Santosa Yoga Camp 2005 – 2013:
Eight years, ten camps: the inside story…by Uma
As we gear up for the most fabulous Santosa Yoga and Bhakti camp ever, I felt some of you might be interested to know the inside story of how this heart warming yoga and bhakti event came to be… This is a chance for me to say THANK YOU to all the amazing folk who helped this unique community camp grow, and to let you know how VERY special it is (and when you know all this, you’ll probably want to come and join us this year…)
The story begins forty-three years ago, in 1969, when a four-year old girl in North London is captivated by a Thames television programme called Yoga for Health with Richard Hittelman. She practices on the sitting room floor with her mum, and is devasted every week when the gorgeous ladies in the long hair and leotards disappear for another seven days. She longs for the next episode, practices in her bedroom everyday and pesters her mum to get the book of the TV series, full of pictures of asanas and guidance on yogic life. She learns the poses by heart, and adjusts her mum’s hand position in Dhanurasana: ‘This is how to do it properly mummy!’ The mother gives up after a couple of weeks, but by that time her four-year old daughter is completely in love with everything yoga. She wants there to be yoga everyday. She dreams a dream that one day she will live in a place where everyone can practice yoga all day long!
Twenty years on, and that little girl is a journalist in London, attending weekly yoga classes to help manage stress, seeing how much she needs the yoga to balance a too-busy city life.
Thirty years on, and the stressed journalist has returned to academia, got a PhD, taken a yoga teacher training course, and is part-timing as a yoga teacher in Camberwell. (She also got married to a fellow yoga teacher in India, but that’s a whole other story… ) The little girl’s dream of a place where everyone can practice yoga all day long, has never really gone away. She’s even been to ashrams and yoga centres where this does happen, but since the birth of her son she’s begun to realise that families need yoga too. Being married, with a little baby boy in tow, even this keenest yogini, who’s now called Uma, finds that not all ashrams and yoga centres are very family friendly, as she’s discovered, and so the quest is on: to find a place where you can practice yoga all day long, and have your kids there too!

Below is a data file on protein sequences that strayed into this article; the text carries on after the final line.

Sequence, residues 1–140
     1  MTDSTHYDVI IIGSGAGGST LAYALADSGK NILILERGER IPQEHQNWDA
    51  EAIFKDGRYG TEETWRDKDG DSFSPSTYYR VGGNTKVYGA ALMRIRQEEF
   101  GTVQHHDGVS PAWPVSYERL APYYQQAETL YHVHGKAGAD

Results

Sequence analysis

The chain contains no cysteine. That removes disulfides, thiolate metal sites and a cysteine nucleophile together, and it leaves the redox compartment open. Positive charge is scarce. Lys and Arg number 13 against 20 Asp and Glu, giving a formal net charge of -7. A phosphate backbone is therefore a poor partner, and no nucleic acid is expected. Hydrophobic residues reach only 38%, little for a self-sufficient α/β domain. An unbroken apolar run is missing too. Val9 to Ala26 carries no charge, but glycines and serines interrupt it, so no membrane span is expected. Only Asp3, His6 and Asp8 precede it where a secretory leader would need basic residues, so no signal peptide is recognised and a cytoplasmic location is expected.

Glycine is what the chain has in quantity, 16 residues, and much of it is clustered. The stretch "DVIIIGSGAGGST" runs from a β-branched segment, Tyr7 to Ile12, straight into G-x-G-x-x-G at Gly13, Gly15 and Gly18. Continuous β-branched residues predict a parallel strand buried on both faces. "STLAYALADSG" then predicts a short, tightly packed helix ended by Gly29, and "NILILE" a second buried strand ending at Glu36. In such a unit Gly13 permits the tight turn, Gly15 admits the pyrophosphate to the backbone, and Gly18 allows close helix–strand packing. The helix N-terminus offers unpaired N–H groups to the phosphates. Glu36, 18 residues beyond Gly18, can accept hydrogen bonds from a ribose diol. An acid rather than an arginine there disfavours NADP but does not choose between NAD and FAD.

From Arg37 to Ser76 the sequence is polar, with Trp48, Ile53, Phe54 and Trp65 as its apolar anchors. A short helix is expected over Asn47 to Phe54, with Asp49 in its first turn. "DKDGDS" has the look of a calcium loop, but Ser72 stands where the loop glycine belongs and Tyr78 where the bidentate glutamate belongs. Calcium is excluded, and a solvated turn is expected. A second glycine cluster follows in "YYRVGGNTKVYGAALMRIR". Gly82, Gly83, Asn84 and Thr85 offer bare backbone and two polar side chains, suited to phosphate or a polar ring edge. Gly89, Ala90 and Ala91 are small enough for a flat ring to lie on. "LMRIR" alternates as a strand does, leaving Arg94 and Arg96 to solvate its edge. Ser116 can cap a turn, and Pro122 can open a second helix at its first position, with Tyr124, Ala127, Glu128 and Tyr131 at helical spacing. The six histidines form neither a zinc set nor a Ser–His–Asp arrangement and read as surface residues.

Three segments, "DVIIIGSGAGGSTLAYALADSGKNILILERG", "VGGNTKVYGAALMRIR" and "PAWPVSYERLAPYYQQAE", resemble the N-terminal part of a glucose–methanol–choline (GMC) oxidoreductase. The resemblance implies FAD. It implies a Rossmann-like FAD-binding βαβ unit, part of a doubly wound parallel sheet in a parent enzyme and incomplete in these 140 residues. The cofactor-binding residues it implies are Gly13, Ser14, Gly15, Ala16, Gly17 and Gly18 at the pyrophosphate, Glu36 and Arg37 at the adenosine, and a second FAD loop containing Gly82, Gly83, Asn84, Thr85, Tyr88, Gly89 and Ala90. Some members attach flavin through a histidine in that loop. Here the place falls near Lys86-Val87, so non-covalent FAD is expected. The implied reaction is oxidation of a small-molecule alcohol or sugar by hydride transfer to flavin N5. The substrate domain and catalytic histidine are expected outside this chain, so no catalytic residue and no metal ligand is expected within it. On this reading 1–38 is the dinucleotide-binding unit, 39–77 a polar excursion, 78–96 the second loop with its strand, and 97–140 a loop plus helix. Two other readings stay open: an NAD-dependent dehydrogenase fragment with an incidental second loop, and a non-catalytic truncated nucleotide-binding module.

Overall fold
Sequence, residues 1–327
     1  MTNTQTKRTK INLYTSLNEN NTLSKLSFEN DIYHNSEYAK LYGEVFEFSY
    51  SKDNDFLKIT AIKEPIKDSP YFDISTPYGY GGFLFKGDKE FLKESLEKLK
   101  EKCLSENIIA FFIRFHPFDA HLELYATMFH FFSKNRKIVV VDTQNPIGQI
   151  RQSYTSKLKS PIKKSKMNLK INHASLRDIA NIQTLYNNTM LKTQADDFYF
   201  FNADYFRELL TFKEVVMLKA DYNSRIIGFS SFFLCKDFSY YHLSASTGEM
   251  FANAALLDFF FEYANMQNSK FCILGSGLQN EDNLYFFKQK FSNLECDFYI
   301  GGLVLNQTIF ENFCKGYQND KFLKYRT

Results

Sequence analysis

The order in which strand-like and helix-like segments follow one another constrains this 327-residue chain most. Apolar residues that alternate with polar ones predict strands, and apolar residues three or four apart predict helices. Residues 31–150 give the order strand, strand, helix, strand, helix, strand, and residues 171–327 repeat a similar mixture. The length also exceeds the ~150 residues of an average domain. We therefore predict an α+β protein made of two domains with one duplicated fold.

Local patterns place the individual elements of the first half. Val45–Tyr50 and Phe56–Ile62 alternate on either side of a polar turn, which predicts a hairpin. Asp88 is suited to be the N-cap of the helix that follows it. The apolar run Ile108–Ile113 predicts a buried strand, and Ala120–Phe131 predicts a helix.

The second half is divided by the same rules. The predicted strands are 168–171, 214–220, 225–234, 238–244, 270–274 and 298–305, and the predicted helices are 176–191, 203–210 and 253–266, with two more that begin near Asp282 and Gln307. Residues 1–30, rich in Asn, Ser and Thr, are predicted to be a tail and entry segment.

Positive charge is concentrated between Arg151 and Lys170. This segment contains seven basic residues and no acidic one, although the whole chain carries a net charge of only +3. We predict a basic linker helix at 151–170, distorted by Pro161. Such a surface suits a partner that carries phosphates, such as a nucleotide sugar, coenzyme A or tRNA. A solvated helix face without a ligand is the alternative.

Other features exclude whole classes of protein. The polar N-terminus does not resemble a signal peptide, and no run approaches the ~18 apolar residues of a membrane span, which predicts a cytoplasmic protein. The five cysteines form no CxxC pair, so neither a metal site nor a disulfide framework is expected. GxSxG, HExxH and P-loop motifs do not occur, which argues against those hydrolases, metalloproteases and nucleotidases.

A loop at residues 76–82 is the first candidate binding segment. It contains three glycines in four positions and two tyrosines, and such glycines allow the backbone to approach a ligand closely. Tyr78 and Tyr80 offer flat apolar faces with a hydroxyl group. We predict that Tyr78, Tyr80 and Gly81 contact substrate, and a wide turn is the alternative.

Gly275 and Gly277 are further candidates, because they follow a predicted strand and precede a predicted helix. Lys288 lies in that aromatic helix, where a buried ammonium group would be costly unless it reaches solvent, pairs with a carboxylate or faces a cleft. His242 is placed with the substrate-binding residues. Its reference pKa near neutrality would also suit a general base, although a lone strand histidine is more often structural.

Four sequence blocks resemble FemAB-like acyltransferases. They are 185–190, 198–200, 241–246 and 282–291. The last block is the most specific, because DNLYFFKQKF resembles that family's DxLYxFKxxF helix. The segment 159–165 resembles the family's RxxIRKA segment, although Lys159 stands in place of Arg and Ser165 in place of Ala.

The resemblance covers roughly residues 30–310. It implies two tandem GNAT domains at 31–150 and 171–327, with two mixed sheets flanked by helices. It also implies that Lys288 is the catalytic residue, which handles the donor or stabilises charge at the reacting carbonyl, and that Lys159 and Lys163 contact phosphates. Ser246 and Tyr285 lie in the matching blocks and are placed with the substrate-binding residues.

So in 2000, she heads out to the Isles of Scilly to join her friend Amanda Brown, with partners and babies in tow, to run a camping yoga retreat there: hard work with the babies, and managing gale force winds for a week, but a special place to be.
By 2003, we’re all at the Yoga for Health Family Yoga Festival in the Ickwell Bury Yoga for Health centre: Amanda Brown, and Uma Dinsmore-Tuli and all our families (three little boys in total now!), loving everything about it, but complaining about the lack of kids activities, and then putting on a programme of our own, including an incredible puppet show of the Ramayana, featuring a min figure of Chewbacca from Star Wars as Hanuman! It’s the perfect place for a summer yoga festival, with meals on the lawn and amazing yoga programmes in the huge medieval barn and yoga studio, thanks to the fabulous organisation of Paul Fox and Andrea Newman.
By the time the Yoga for Health Foundation closes down, and the last full Yoga Summer festival happens in 2004, Amanda and Uma are determined to create a replacement festival, a peaceful and supportive place where yogis and yoginis can practice all kinds of yoga from dawn til dusk.
Meanwhile, Uma and Nirlipta have been to the Gaunt’s House Summer gathering, and picked up a few ideas. Uma’s working full time now as a yoga teacher and teacher trainer, and in the summertimes before the Ickwell Bury festival starts, she’s been helping to grow the yoga programme at Jacob Jones’ magical Healing Field Gathering. There to support the wonderful Glastonbury yoga teacher, Wendy Teasdill, Uma and her sons run Family Yoga sessions twice a day, and sing at nights in the Babaji Healing Temple.